A discriminant analysis using Fatigue Qualities Scale
scores correctly classified 91–97 percent of self-identified CFS patients and
healthy significant others. In comparison, a self-report inventory of CFS
symptoms based on theU.S. case
definition12 correctly classified only 67 percent of these patients
and 85 percent of healthy significant others. A replication of these findings
would be necessary to confirm the potential utility of the Fatigue Qualities
Scale in diagnostic evaluations of CFS.
Psychometric considerations would suggest the use
of fatigue scales that (1) have been diagnostically validated in CFS and
depression samples, (2) assess several factorially distinct dimensions of
fatigue and (3) are easy to administer and score. Unfortunately, none of the
above measures meet all of these criteria. Based on our own clinical and
research experience with fatigue measures, we would recommend for the clinician
the Fatigue Severity Scale, which provides a rapid assessment of fatigue-related
impairments (see table). For the researcher, the selection of any two fatigue
instruments may offer a more thorough description of the fatigue experience and
an opportunity for concurrent validation of each scale as well as convergent
validation with other measures.
Fred Friedberg is clinical assistant professor of psychiatry at the
York at Stony
Leonard A. Jason is director of the Center for Community Research at
The Fatigue Severity
The Fatigue Severity Scale can be used to monitor change in fatigue over time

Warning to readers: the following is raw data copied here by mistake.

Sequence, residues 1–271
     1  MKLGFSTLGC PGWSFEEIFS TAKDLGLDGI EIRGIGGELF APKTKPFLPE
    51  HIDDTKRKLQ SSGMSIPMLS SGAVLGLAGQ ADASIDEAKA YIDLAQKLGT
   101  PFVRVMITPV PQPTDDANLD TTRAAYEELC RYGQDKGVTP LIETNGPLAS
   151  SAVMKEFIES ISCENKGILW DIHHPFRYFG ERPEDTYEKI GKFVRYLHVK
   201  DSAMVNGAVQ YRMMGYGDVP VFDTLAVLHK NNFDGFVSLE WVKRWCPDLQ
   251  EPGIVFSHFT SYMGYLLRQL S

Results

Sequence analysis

or in response to therapeutic interventions. Patients are asked to respond to
each statement on a scale of 1 to 7, with 1 indicating “Strongly Disagree” and 7
indicating “Strongly Agree.”
My motivation is lower when I am
Exercise brings on my fatigue.
I am easily fatigued.
Fatigue interferes with my physical
Fatigue causes frequent problems for
My fatigue prevents sustained
Fatigue interferes with carrying out
certain duties and responsibilities.
Fatigue is among my three most
Fatigue interferes with my work, family or social life.
Score = Sum of responses divided by 9. Higher score indicates higher fatigue
This scale is reprinted with permission.5
Friedberg F and Jason
Understanding chronic fatigue syndrome: An
empirical guide to assessment and treatment. 1998;
: American Psychological
Chalder T et al. Development of a fatigue scale. J Psychosom Res.
Morriss RK et al. Exploring the validity of the Chalder fatigue scale in
chronic fatigue syndrome. J Psychosom Res. 1998; 45:
Ware JE et al. The MOS 36-item Short-Form Health Survey (SF-36) I:
Conceptual framework and item selection. Medical Care. 1992; 30:
Krupp LB et al. The Fatigue Severity Scale: Application to patents with
multiple sclerosis and systemic Lupus erythematosus. Arch Neurol. 1989;
Taylor R et al. Fatigue rating scales: an empirical comparison.
Psychol Med, 2000; 30: 849-856.
Vercoulen JHMM et al. Dimen-sional assessment of chronic fatigue
syndrome. J Psychosomc Res. 1994; 38; 383-392.
Beursken AJHM et al. Fatigue among working people: Validity of a
questionnaire measure. Occ Envir Med. 2000; 57:353-7.
Vercoulen JHMM et al. The measurement of fatigue in patients with
multiple sclerosis: a multidimensional comparison with chronic fatigue
syndrome and healthy subjects. Arch Neurol. 1996; 53:642-9.
Prins JB et al. Cognitive behaviour therapy for chronic fatigue syndrome:
a multicentre randomised controlled trial. Lancet. 2001; 357:
Dechene L et al. A qualitative fatigue scale for chronic fatigue
syndrome. Paper presented at the meeting of the American Association for
Chronic Fatigue Syndrome, Ft. Lauderdale,
Fukuda K et al. The chronic fatigue syndrome: A comprehensive approach to
its definition and study. Annals of Internal Medicine. 1994;